That’s why it’s been so discouraging to see the dominant narratives emphasize loss and futility, and I see the effect this is having on students, who believe that their education and their very work is being impossibly compromised. But this assumes that there is truly only one way that the arts — including embodied and performing arts — can be taught. This has never been true and it’s not true now.

To take only one example from my own university:

In the Department of Theatre at York, we have commissioned playwrights to write original one-act plays for performance in an online environment as we work with emerging actors and designers to develop their theatrical skills and technique for the online environment. We see this as a critical part of their training for the future of theatre. “The Ashley Plays,” a cycle of original site-specific plays written by our 3rd and 4th year playwrights, will be staged virtually in October, and we have created a virtual Devised Theatre Rodeo for high school students that will bring together drama classes from across the GTA and beyond to hone their techniques in both devised and digital theatre. Live arts education does not stop when physical venues close. It evolves.

This is not to discount the real challenges that many performing artists are experiencing right now, nor to dismiss the long-standing and painful inequities and exclusions that have been part of both arts organizations and educational institutions for too long. But these conditions are precisely why we will wait for things to return to “normal” or simply try to replicate what was happening in the past. As we struggle through our current moment, we have the opportunity to experience not just the accident, but unity as well.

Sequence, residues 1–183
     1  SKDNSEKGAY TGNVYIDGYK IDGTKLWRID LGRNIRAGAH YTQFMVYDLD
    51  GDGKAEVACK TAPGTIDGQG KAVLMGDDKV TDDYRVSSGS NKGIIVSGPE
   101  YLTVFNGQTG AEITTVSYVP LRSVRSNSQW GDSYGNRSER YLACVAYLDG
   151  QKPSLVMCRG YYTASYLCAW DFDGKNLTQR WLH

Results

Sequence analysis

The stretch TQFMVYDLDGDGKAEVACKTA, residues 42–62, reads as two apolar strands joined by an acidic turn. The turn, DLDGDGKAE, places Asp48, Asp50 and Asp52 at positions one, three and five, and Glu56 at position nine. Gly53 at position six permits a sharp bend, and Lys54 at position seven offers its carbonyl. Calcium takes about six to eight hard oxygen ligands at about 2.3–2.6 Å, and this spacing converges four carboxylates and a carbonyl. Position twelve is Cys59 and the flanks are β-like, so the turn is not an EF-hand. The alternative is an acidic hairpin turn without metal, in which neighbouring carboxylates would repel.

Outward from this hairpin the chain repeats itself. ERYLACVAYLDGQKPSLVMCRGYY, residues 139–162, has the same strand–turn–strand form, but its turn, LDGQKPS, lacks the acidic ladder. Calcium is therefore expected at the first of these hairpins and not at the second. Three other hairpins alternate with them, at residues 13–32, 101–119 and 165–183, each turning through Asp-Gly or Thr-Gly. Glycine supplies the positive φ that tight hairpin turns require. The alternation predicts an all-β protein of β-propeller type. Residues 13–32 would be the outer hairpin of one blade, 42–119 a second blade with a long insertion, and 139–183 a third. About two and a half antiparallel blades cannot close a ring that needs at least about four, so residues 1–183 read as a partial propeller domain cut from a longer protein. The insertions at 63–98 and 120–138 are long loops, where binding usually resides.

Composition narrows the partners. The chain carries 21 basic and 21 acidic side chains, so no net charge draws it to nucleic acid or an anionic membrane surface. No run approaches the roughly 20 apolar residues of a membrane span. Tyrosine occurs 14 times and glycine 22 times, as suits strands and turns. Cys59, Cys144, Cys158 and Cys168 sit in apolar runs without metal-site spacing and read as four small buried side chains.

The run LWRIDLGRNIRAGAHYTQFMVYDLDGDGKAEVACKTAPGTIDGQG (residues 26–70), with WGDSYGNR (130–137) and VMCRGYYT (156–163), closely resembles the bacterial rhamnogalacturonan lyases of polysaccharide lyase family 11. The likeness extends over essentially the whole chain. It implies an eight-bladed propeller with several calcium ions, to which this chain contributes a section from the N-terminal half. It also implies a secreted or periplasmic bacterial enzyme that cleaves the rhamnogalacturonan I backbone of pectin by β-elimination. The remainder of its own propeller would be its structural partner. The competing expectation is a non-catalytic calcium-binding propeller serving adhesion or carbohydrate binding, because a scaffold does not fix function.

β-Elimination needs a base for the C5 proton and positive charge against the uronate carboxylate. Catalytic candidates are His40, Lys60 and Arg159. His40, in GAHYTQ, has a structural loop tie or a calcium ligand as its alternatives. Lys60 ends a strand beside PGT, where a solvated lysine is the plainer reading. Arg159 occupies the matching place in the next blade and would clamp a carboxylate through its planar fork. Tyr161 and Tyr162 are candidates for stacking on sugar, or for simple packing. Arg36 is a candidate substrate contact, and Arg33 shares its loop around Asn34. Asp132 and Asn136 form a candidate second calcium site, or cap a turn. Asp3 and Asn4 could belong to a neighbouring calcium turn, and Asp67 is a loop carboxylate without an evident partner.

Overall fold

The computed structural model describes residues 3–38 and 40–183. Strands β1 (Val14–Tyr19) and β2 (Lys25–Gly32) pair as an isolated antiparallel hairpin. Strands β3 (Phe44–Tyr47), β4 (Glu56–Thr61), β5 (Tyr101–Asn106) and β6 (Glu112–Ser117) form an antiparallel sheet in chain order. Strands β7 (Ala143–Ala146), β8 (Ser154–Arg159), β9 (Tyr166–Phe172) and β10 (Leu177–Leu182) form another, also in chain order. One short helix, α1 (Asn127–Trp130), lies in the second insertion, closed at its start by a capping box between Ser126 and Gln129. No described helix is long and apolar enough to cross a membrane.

Now, then, is an unprecedented opportunity for meaningful, positive change in arts education. It will not be easy, but it is necessary and, indeed, long overdue. The lessons in this coming year will not be about teaching how to work in the ways we know, but in learning together what new forms of work can happen and how our processes can better serve everyone, artists and audiences alike. Education will not be a top-down exercise, but a collaborative and mutual exchange in which we are all learners. This is the lesson of the unifying accident: the realization that we are in a unique and strange moment together and that we can all shape what happens next.

Programs often talk about “state-of-the-art” in relation to professional arts training. Well, this is the state of the arts profession now. How we learn, adapt, and create today will shape the ways that professions in the arts and media emerge tomorrow. We cannot simply put our programs on hold but must adapt and adjust to the new opportunities.

The unifying accident onstage can be challenging, but it often comes to define the specific performance and can even shape the industry more broadly. After all, the familiar “break a leg” for theatrical good luck is an ironic tribute to one of the defining accidents in theatre history.

So, to all my theatre colleagues, students, and artistic fellow travellers of all sorts: Break a leg this year.

1 thought on “A Unifying Accident: Theatre Education in Strange Times

  1. Thank you Sarah for once again being a clarion clear call for action. Your enthusiasm and knowledge of the possibilities is a beacon in this time. Never doubt the passion,expertise and joy that has brought you this far. I will always be cheering from the sidelines.